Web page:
China is making great strides in the fields of artificial intelligence (AI) and  new technologies, and this is boosting its capacity to control the activities of ordinary Chinese citizens, curb on freedoms and violate rights.

By Asia News

Jul 13 2023

BEIJING – China is making great strides in the fields of artificial intelligence (AI) and  new technologies, and this is boosting its capacity to control the activities of ordinary Chinese citizens, curb on freedoms and violate rights.

In a long article yesterday, the Global Times, a newspaper published by the People’s Daily,[*] praised AI development in China, which is “gaining momentum despite increasingly fierce global competition and the US’ relentless push for ‘tech decoupling’.”

The article came out on the same day as Shanghai, China’s economic capital, kicked off the World Artificial Intelligence Conference (WAIC).

Experts and business insiders note that China still has ways to go before it becomes self-reliant in the high-tech sector, but they are confident that it can reach that goal, the Global Times notes.

At this year’s WAIC, large language models drew big crowds, a sure sign of China’s growing potential and attractiveness. One of the participants, NetEase Youdao showcases an interactive chatbot allowing language learners to practise spoken English with the AI model.

Another tech firm, Meituan, launched the 4.0 version of its unmanned aircraft system with a greater delivery range and better performance in poor weather conditions.

According to the 2022 Global AI Innovation Index Report released at the WAIC, China ranks second in the Global AI Innovation Index for the third consecutive year, boosting its talent pool and data infrastructures with additional technological breakthroughs.

Despite critics saying that the conference lost its shine this year, especially among US participants, the Global Times claims that it saw a record participation of companies; in view of this, it calls for “scientific and technological sharing and exchanges, aiming to contribute to global sci-tech development for the benefit of all mankind.”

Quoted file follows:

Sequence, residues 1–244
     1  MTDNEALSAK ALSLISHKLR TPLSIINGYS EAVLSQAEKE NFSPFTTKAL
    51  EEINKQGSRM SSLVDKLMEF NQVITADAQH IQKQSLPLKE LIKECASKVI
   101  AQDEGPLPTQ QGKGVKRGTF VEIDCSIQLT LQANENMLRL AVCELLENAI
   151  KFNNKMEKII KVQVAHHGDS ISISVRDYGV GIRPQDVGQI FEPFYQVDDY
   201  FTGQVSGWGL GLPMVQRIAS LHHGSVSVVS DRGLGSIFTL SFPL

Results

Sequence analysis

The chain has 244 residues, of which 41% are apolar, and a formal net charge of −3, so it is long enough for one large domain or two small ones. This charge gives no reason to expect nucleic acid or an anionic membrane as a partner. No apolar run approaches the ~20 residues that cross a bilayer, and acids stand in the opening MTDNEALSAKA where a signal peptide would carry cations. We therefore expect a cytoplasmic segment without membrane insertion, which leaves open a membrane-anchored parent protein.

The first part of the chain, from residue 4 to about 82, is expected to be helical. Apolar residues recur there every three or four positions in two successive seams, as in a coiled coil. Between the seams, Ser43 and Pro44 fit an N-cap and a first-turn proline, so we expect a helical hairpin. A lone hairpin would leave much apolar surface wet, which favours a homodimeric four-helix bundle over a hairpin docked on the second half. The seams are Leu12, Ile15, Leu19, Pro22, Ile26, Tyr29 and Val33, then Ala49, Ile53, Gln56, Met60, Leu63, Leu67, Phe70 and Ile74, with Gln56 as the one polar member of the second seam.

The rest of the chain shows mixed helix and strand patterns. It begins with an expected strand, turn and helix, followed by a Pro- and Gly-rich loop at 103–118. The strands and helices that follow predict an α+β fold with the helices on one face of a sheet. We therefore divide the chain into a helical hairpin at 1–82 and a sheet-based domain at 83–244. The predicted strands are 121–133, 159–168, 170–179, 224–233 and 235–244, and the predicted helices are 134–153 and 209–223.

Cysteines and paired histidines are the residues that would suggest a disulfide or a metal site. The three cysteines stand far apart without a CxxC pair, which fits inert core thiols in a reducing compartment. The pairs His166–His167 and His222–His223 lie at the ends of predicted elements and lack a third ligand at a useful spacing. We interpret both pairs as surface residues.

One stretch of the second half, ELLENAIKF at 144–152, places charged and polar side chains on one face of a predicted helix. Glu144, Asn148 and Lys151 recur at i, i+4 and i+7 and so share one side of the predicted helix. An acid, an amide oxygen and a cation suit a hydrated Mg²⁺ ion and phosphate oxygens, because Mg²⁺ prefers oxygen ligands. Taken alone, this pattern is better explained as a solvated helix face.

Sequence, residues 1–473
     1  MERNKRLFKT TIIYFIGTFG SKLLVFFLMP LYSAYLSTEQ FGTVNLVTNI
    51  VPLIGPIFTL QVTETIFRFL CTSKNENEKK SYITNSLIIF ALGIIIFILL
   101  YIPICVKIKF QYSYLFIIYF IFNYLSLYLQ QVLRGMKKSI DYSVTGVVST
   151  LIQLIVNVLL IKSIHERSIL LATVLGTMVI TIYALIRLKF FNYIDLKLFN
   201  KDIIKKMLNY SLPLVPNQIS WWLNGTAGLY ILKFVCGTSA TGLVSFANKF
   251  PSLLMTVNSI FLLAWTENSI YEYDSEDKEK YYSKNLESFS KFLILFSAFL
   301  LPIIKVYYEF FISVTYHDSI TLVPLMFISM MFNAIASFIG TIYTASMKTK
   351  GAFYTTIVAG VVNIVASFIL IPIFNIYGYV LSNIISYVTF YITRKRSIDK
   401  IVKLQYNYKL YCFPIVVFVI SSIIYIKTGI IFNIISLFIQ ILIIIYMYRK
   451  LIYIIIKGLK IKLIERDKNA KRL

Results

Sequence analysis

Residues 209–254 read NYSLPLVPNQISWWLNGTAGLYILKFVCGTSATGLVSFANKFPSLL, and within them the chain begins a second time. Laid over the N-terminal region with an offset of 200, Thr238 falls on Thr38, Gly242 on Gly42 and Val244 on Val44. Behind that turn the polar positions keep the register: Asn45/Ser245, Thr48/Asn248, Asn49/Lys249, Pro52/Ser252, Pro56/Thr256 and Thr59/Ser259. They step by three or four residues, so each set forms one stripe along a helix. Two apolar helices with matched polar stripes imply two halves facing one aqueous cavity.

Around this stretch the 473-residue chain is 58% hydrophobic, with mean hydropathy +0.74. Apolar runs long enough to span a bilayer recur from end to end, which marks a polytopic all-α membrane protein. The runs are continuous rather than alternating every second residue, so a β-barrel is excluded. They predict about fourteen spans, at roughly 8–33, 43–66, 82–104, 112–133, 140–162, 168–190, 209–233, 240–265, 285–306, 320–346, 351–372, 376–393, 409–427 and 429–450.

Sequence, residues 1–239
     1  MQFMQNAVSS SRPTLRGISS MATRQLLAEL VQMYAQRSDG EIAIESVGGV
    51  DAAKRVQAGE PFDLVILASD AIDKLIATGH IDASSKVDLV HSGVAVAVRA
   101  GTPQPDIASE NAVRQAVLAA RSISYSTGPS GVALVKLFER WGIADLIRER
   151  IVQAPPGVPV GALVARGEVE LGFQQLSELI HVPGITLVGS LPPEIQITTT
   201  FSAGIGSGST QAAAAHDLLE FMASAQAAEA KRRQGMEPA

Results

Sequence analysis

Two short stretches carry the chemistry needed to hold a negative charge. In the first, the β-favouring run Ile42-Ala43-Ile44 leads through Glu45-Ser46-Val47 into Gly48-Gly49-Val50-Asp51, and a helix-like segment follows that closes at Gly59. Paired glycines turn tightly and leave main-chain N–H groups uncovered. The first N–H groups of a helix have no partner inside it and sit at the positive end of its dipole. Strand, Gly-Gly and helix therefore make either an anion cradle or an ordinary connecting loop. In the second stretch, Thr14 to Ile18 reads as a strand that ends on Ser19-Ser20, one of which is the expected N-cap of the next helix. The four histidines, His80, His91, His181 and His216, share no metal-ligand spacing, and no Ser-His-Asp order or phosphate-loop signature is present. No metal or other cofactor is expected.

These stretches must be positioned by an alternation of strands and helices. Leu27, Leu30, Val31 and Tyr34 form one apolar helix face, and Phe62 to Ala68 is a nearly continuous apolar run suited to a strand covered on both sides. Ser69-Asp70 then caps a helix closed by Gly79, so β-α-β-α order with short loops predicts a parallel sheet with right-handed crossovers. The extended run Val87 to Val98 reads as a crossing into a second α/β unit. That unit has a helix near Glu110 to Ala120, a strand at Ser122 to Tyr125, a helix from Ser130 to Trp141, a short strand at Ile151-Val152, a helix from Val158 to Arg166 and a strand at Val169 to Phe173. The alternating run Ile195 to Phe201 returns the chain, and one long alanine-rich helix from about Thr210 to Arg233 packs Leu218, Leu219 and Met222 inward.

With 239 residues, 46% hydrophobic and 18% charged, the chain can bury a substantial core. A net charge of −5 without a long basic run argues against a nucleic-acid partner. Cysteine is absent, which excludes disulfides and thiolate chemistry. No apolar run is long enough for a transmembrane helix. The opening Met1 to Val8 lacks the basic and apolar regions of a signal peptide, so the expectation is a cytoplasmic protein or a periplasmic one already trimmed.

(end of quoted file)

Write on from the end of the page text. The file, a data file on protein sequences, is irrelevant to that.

Yet, despite pledges to promote development and progress, China continues to use new technologies like AI as tools of domestic repression, as it did with “online registers” for priests, pastors and imams, ostensibly to weed out “fake religious personnel”.

One of the latest examples of this use occurred last month, on 28 June, when two Christians, Mu En and Enoch Wang, were convicted of fraud. Mu received a sentence of three and a half years in prison and a fine of US$ 8,000, while Wang was given three years and a US$ 7,000 fine.

The two were convicted on evidence law enforcement obtained using technology to recover messages posted on WeChat, with the names and funds raised in the past five years on behalf of a Christian youth group.

According to the prosecution, the two youth leaders raised about US$ 240,00 via fraudulent means. For ChinaAid, a Christian human rights organisation, the trial and conviction are a deliberate attempt by Chinese communist authorities to use this kind of charge as a cover for religious persecution since “The two convicted Christians are entirely innocent “.

Chinese authorities also use the “illegal business” argument, as four members of the Shengjia Church found out after police raided its education centre on 24 May. As a result, Rev Deng Yanxiang and three co-workers were taken into custody and are now held at the Nanhai District Detention Centre in Foshan City.

During their raid, security forces searched the entire facility and confiscated all its educational equipment. – Asia News


[*] The official newspaper of the Central Committee of the Communist Party of China (CPC).